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National Aeronautics and Space Administration

Lyndon B. Johnson Space Center
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Biographical Data

NAME: Astronaut Bio: Roy D. Bridges, Jr. (Colonel, USAF)
NASA Astronaut

Born Born July 19, 1943, in Atlanta, Georgia, but considers Gainesville, Georgia, to be his hometown. His parents, Mr. and Mrs. Roy D. Bridges, Sr., reside in Gainesville.

Red hair; hazel eyes; height: 5 feet 8 inches; weight: 145 pounds.

Graduated from Gainesville High School, Gainesville, Georgia, in 1961; received a bachelor of science degree in engineering science from the United States Air Force Academy in 1965, and a master of science degree in astronautics from Purdue University in 1966.

Married to the former Benita Louise Allbaugh of Tucson, Arizona. Her parents, Mr. and Mrs. John R. Allbaugh, reside in Tucson.

Tanya M., March 12, 1970; and Brian N., May 23, 1974.

He enjoys jogging, camping, backpacking, and flying.

Member of the Society of Experimental Test Pilots and life member of the Air Force Academy Association of Graduates.

3 Air Force Distinguished Flying Crosses, 15 Air Medals, an Air Force Commendation Medal, an Air Force Meritorious Service Medal, an Air Force Systems Command Certificate of Merit (for selection as the AFSC nominee for the Jabara Award for Airmanship in 1974), Distinguished Graduate of the USAF Academy, Distinguished Graduate of USAF Pilot Training, Top Graduate of the USAF Test Pilot School, and a Distinguished Graduate of the Air Command and Staff College. Recipient of NASA Certificate of Commendation.

After graduating from the United States Air Force Academy in 1965, Bridges attended Purdue University in residence to complete the requirements for his master of science degree. He then entered and completed pilot training at Williams Air Force Base, Arizona. He was assigned to the 524th Tactical Fighter Squadron at Clovis AFB, NM, in 1967, as an F-100 pilot. During 1968, he flew 226 combat missions in the F-100 while a member of the 416th Tactical Fighter Squadron and Commando Sabre Operation at Phu Cat Air Base in the Republic of Vietnam. In 1969, Bridges returned to the United States as a pilot instructor assigned to the 3575th Pilot Training Squadron at Vance Air Force Base, Oklahoma, and in 1970, attended the USAF Test Pilot School at Edwards Air Force Base, California. He remained at Edwards following graduation in 1971, for an assignment as test pilot with the Air Force Flight Test Center. He was involved in a number of aircraft test projects, including the A-X flyoff and subsequent test and evaluation of the A-10.

In 1975, he entered the Air Command and Staff College and subsequently went to work for the Deputy Chief of Staff for Research and Development at Headquarters USAF in Washington, D.C. While at the Pentagon, he participated in development and acquisition programs for F-15 and A-10 aircraft and served as a special assistant to the Deputy Chief of Staff for Research and Development. He was assigned to Detachment 3 of the Air Force Flight Test Center as a special projects officer when informed of his selection by NASA.

He has logged more than 3,800 hours flying time in the following aircraft: T-2, T-28, T-33, T-37, T-38, T-41, A-37, A-7, A-9, A-10, B-26, B-52, B-57, F-100, F-104, NF-104, F-106, F-4, KC-135, and G-2 (Shuttle Training Aircraft).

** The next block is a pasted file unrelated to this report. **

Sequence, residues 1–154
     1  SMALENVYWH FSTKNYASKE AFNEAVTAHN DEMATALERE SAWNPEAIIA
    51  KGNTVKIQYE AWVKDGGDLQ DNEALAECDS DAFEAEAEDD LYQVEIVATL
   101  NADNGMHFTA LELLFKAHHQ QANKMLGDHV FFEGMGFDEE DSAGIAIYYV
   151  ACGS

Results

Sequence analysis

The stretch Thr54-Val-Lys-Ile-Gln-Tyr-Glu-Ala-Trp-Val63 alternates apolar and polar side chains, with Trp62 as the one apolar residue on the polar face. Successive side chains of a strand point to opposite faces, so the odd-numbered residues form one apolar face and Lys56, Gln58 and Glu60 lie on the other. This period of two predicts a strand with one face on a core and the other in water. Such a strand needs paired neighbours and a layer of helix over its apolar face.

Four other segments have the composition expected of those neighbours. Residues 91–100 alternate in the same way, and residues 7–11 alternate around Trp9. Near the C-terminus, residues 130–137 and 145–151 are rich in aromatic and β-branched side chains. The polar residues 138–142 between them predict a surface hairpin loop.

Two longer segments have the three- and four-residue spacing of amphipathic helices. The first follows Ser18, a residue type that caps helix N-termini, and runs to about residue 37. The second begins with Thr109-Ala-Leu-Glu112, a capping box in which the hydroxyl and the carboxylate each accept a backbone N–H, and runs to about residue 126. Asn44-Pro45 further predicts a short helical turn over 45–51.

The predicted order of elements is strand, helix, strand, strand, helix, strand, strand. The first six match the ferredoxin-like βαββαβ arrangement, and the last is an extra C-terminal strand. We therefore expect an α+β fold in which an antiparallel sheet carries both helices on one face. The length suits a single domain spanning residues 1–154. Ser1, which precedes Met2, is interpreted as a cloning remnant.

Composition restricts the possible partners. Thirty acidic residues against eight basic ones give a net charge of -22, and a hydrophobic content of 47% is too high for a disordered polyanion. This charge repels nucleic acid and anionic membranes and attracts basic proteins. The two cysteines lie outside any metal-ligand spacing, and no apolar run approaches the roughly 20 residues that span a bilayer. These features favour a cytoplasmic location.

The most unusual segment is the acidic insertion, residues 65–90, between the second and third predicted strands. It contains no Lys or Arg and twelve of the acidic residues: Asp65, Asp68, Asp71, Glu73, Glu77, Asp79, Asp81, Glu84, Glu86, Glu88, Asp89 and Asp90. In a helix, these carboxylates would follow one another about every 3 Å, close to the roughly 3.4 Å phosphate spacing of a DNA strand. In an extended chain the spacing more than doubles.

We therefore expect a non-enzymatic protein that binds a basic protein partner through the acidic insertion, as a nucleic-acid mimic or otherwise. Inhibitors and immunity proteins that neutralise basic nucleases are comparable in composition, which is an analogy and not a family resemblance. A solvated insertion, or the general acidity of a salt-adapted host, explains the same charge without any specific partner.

Bridges was selected as an astronaut candidate by NASA in May 1980, and completed a 1-year training and evaluation period, in August 1981. He was backup entry spacecraft communicator (CAPCOM) for STS-4 and the primary entry CAPCOM for STS-5 and STS-6. In addition, he was primary ascent CAPCOM for STS-7.

Bridges was the pilot on the Spacelab-2 mission (STS 51-F) which launched from Kennedy Space Center, Florida, on July 29, 1985. He was accompanied by Col. Charles G. Fullerton (spacecraft commander), three mission specialists, Drs. Anthony W. England, Karl G. Henize, and F. Story Musgrave, as well as two payload specialists, Dr's. Loren Acton and John-David Bartoe. This mission was the first pallet-only Spacelab mission and the first mission to operate the Spacelab Instrument Pointing System (IPS). It carried 13 major experiments of which 7 were in the field of astronomy and solar physics, 3 were for studies of the Earth's ionosphere, 2 were life science experiments, and 1 studied the properties of superfluid helium. After 126 orbits of the Earth, STS 51-F Challenger landed at Edwards Air Force Base, California, on August 6, 1985. With the completion of this flight Bridges has logged 188 hours in space.

Colonel Bridges has been assigned as the pilot on STS 61-F scheduled for launch on May 15, 1986. This mission will deploy the Ulysses spacecraft with a high energy Centaur upper stage. This will be the first flight of the NASA-provided Centaur which will boost the Ulysses into a heliocentric orbit timed to swing-by the planet Jupiter in July 1987. The gravitational field of Jupiter will be used to deflect Ulysses into an out-of- ecliptic trajectory which will result in passage over the polar regions of the Sun in 1989-1991. The primary mission of the European Space Agency-provided Ulysses will be an investigation of the properties of the Sun, the solar wind, and the heliosphere as a function of latitude. This will be the first data obtained from the solar polar regions.

Currently Commander of the Eastern Space and Missile Center, Patrick Air Force Base, Florida.


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